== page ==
Most games in the Call of Duty franchise are single-player, striving for a kind of cinematic perspective, with minimal room for alternate interpretation. On March 10, 2020, though, three days before Covid-19 was declared a national emergency in the United States, Activision released Call of Duty: Warzone, which updates the franchise for the era of Fortnite-style multiplayer battle royale games. Warzone offers a multitude of perspectives and invites a variety of ways to engage with the landscape — an abandoned, vaguely Eastern European city, hollowed out for battle — and the players who populate it. It encourages cooperation, open communication, and strategizing between teammates as much as it incentivizes competition between teams themselves. Playing the game provides a place for you to foster friendships and hang out; like Nintendo’s Animal Crossing, another game whose cultural status flourished over the past year, Warzone has provided a platform for social interaction over the course of lockdown, drawing comparisons to the golf course and the bowling alley.

Attacking virtual reactionaries offers the glee of shitposting. The game was working on me just the way it was meant to

I’ve never been a competitive multiplayer gamer. But over the past year I fell deep into Warzone — in large part for the opportunity to shoot the shit, catch up, and reconnect with friends during the pandemic in a relatively low-stakes environment. Compared to the corporate rigidity of the Zoom Happy Hour, which requires you to be alert, upright, and all dolled up, multiplayer game chat doesn’t force conversation: you can catch up, but you can also joke around, sometimes you’re silent, sometimes you’re deep in tactical analysis and shouting out the shorthand commands you’ve developed through playing over and over again with your crew. It allowed me to reconnect with friends from across the country who I’d almost never be able to casually hang out with — an intentional, formal phone call is one thing, but socialization happens just as much in the occasional silence of companionship that can’t really happen over phones or FaceTime. Sometimes there’s even a kind of respect that develops between unknown players, rather than aggression. If you wait around and watch until the end of the game, you can hop on mic with the other players who are still online. Warzone led to new inside jokes with old friends, while also making me feel alert, energized, and filled with adrenaline in a static time where it was easy to feel dead inside.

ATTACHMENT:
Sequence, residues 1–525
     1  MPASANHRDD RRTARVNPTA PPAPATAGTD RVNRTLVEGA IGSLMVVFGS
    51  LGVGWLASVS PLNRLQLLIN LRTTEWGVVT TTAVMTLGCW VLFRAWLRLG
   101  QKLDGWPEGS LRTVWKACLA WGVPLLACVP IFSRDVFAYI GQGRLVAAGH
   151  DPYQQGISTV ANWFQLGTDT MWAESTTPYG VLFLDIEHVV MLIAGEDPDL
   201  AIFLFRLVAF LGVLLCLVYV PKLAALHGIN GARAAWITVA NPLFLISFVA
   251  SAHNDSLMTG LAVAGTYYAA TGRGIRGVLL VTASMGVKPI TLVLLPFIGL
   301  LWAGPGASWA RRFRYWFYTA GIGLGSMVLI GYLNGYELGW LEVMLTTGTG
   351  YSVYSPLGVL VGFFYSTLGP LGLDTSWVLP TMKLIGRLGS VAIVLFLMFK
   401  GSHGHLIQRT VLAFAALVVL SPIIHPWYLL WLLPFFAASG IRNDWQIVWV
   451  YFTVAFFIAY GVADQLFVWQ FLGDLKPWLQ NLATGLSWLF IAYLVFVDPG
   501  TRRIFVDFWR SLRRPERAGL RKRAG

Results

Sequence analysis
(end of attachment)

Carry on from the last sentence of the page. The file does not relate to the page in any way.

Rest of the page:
All the while, I felt confident that I was maintaining a critical distance — that I’d marshaled my cognitive defenses against the game’s propaganda. Call of Duty is swarmed with racists and Nazis, but, with a group of ideologically-aligned friends, it’s easier to laugh off the fascists, or to feel like you’re somehow taking up virtual arms against political opponents. It gives me a jolt of satisfaction to charge someone with a slur in their username, as it does to rip a racist a new one on Twitter — attacking virtual reactionaries offers the glee of shitposting. But it’s hard to deny that I’m drawn to the feeling of control and mastery over a landscape I’ve surveyed and colonized. In spite — or because of — my awareness, the game was working on me just the way it was meant to.

Soldiers are programmed to master their senses and taught to control their bodies, so the nations they fight for can master and control other lands. Over a period of months, I could physically feel myself improving at Warzone: my aim sharpening, my trigger finger steadying. Soon I was capable of surviving close-quarter altercations that would have overwhelmed me; the experience of gameplay felt more seamless and, most of all, more in my control. Competitive multiplayer shooters, maybe more than any other game genre, make you truly feel like you’re the master of your domain. But it hit me one session, as I quickly swiveled around and made an instinctive headshot when a teammate called out that an enemy was right behind me, that I’d basically undergone a form of basic training.